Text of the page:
through the smoke in the red tinge of
battle flame. These are but a few of
the myriads of flickerings of our- na
tional travail in its new birth that are
h I iowtj in this sublime, grand, impres
"All on Account of Eliza" is the of
fering of the Adeline Bundle Players
at the Palace theater this week.
"Eliza" is a young and pretty school
teacher In a down east village, teach
ing har first term of school. Unin
tentionally she incurs the sharp criti
cism of the other women of the village,
who in their narrowness and ignor
ance condemn anything in the way of
youth and beauty ana brains. Their
criticism ripens into envy and jeal
ousy, and their hatred of all the lovely
qualities that Eliza possesses prompts
thorn to manufacture schemes to get
rid of the charming little schoolma'am.
But Eliza has a champion in "Franz
Hochstuhl," a Hollander by birth, an
American by adoption, who is, as he
terms it, "the front man of the vil
lage," and who is also the president of
the school board. And Mr. Hoch
stuhl undertakes to clear Eliza of the
charges the women of the village have
made against her.
While there is a wonderful chance
for comedy in this play, there is also
a pretty love story running through
it and a moral that will not soon be
Miss Muriel Owen will play the part
of "Eliza." The change from Polly
anna last week to Eliza this week
would be a big one for any acrtess. and
Miss Owens will have an opportunity
to show her versatility. Howard Foster
will have the big part of the play,
that of Franz Hochstuhl. Mr. Foster
played the part on the road for two
seasons, and he says that it is one of
his pet parts. Lee Tyrrell will have
the partof Walter Tlochstuhl, the
young law student in love with Eliza.
Big New Year's Frolic
Direction JENStN-VON HLRBcDG
.5 'hr-.ne. Qf r.t, 5r, - K \us.c
DEC. 31, AT 11:30
OVER AT 1:15
Big 10-Piece Jazz Band
Singers Musical Acts
Everything to Make a Show Worth While
Good Anywhere—No Seats
Buy Your Tickets in Advance
at Liberty Box Office
Note—No More Tickets Will
Than There Are Seats
STREET CAR SERVICE TO ALL PARTS OF THE CITY
AFTER THE PERFORMANCE
The Big Special Feature!
Will be the Pre-release Showing of
IN HIS FIRST THREE REEL SPECIAL
This Picture Will Be Shown Only at This New Year's Frolic
This Alone Is Worth the Pric2 of Admission
BIG SUPER-SPECIAL NOW SHOWING
• 't • « ^ :
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I ♦ o' 1
t ' r ' .
SCENE FROM "WHERE IS MY WANDERING BOY?"
Miss Adeline Rundle will play the
part of Delia Coventry, the old maid
housekeeper for Hochstuhl, who be
lieves that the way to a man's heart is
through his stomach. Robert Thom
will be seen as the village sport and
hotel keeper who is at a loss to under
stand how any one can resist his
Then there will be a score of village
gossips, citizens of Hemlock, members
of the school board, and school chil"
dren. Of the latter, Little Tom Foster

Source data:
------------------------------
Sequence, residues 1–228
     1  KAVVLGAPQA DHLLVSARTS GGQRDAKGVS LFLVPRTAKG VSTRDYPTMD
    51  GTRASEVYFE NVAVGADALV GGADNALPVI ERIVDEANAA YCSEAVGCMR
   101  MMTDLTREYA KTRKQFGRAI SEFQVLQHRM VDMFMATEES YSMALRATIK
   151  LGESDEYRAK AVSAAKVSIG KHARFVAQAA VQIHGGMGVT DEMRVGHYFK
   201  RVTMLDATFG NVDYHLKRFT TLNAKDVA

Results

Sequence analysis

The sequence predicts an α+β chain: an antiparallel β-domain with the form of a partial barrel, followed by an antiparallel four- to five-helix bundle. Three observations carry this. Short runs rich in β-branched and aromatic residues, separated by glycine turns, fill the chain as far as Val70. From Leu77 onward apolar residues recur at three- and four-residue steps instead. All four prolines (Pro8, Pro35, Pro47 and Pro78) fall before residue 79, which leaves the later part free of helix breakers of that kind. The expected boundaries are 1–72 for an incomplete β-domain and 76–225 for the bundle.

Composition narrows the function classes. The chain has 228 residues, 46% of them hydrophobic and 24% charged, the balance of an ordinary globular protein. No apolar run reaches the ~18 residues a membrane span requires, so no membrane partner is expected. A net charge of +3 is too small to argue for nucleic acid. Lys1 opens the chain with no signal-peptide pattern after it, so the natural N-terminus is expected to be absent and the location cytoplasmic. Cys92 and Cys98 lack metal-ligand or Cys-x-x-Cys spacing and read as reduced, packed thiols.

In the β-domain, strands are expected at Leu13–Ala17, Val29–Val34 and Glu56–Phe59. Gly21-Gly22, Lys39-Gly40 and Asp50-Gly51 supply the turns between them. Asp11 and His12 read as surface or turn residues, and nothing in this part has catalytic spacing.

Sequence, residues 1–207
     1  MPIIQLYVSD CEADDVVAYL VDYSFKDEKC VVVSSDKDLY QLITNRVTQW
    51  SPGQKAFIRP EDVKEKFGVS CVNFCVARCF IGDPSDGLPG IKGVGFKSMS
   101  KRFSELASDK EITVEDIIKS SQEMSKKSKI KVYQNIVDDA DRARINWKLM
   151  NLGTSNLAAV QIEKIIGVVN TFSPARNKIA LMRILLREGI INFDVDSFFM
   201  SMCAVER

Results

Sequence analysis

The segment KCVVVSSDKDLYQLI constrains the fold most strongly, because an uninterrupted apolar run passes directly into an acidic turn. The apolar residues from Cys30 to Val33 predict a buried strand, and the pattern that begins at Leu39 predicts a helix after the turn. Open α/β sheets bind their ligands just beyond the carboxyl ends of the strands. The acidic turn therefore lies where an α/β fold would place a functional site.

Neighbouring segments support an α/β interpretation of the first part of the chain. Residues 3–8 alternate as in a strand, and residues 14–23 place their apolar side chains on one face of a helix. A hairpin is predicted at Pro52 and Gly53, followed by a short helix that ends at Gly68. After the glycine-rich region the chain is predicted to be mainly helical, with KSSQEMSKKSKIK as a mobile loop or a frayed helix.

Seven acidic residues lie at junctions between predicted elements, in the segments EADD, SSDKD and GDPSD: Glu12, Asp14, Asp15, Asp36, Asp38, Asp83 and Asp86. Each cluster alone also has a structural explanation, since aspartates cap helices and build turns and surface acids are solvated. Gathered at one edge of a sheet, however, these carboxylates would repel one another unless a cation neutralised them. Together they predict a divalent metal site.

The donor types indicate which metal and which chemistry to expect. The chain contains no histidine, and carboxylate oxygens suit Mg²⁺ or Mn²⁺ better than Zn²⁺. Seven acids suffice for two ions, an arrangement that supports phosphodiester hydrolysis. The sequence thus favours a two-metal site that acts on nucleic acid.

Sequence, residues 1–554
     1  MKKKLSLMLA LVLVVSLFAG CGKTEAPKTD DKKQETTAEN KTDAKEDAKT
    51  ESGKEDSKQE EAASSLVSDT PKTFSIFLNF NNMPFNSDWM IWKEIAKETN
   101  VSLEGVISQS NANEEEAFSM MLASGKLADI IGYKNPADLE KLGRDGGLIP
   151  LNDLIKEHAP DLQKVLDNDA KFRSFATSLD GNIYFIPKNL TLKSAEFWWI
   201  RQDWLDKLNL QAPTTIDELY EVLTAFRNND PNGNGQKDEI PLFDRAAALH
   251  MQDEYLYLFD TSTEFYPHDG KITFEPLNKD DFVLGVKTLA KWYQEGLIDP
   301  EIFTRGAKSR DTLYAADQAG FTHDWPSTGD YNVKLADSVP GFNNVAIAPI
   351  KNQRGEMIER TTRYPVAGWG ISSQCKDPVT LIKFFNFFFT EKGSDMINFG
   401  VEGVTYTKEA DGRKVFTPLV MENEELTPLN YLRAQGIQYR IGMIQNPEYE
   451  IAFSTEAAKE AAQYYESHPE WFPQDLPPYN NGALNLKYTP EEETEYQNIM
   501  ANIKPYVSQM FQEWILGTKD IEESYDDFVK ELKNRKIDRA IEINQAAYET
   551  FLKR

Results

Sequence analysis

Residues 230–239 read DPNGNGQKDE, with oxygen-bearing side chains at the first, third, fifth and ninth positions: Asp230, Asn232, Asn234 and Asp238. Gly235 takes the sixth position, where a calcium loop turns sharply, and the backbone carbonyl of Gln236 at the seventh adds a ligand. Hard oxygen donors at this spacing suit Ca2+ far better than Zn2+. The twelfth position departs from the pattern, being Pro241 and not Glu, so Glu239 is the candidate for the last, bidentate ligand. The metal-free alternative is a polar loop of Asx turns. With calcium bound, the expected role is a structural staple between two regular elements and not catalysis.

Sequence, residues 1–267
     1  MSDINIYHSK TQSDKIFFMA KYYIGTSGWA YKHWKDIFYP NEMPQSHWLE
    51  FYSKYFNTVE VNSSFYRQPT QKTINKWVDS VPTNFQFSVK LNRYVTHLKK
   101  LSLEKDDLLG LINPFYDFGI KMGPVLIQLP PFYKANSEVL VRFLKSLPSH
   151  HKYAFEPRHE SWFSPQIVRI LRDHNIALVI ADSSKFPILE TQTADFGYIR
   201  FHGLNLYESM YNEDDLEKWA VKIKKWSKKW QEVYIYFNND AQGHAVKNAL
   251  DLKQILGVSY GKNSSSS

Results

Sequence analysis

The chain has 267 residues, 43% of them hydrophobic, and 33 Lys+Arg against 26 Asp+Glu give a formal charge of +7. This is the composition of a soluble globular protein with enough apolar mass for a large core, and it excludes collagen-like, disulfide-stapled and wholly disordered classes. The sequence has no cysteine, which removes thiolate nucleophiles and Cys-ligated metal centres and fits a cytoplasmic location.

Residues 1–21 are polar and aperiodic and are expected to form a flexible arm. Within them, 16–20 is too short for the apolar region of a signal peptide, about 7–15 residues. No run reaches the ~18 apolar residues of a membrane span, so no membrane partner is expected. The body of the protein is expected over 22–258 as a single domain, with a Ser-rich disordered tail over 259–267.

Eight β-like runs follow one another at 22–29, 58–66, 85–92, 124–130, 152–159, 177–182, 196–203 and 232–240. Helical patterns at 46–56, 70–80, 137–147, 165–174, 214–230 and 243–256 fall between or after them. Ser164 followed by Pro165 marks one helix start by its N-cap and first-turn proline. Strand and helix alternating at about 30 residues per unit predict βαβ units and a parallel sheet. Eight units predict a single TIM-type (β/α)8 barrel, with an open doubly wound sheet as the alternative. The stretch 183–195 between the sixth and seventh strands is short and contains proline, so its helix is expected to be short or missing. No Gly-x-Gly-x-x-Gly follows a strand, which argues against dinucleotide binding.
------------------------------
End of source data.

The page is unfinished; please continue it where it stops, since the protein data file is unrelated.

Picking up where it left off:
will be the most prominent. As the
dull pupil who must remain after
school to do his lessons, and who is
secretly in love with his teacher, Mas
ter Tom will have an excellent part.
"All on Account of Eliza" promises
to supply a good two hours of splendid
"The Hottentot," which will be
shown for the last times at the Lib
erty theater today, furnishes laughter
ana excitement from beginning to end.
It starts with a race between a run
away horse and an auto and ends with
a unique steeplechase. The action
never flags. One comic situation de
velops into another even funnier, as
Sam flounders from deep water to bot
tomless depths. Douglas MacLean
plays the part of Sam Harrington, the
role which was created for the stage
by William Collier and played to
packed houses, both in New York and
throughout , the country on tour. Ray
mond Hatton, as the butler, is at his
best, and pretty Madge Bellamy en
dears herself as tbe winsome Peggy
Fairfax, whose love for horses makes
a man out. of Sam.
"Minnie," like all of Marshal
Neilan's productions, is said to be ex
ceptional entertainment. It will be
seen at the Liberty theater Monday
and Tuesday. There is not a dull
moment in it. It is a very human
story about a household druge who
is so homely that no one hesitates to
tell her so. Her father owns the
hotel in the town but he is so inter
ested in a radio invention that Minnie
does all the work. But Minnie has
ideas and she uses them to the dis
comfort of everybody, including herself.
The picture is full of incidents that
develop hearty laughter, but under
neath it all is the throb of drama.
Matt Moore and Leatrice Joy are fea
tured in "Minnie."
"Omar the Tentmaker," which was
written and produced by Richard
Walton Tully, the creator of many
theatrical successes, including "The
Masquerader," Mr. Post's initial screen
venture, will be shown at the Liberty
theater Wednesday, Thursday and
Friday. The bewitching mystery which
surrounds the orient has been trans
mitted to the screen in a masterful
manner, and the picture has been
hailed as one of the greatest screen
achievements to date. The story re
volves about the life of Omar Khay
yam, the Persian philosopher, astrono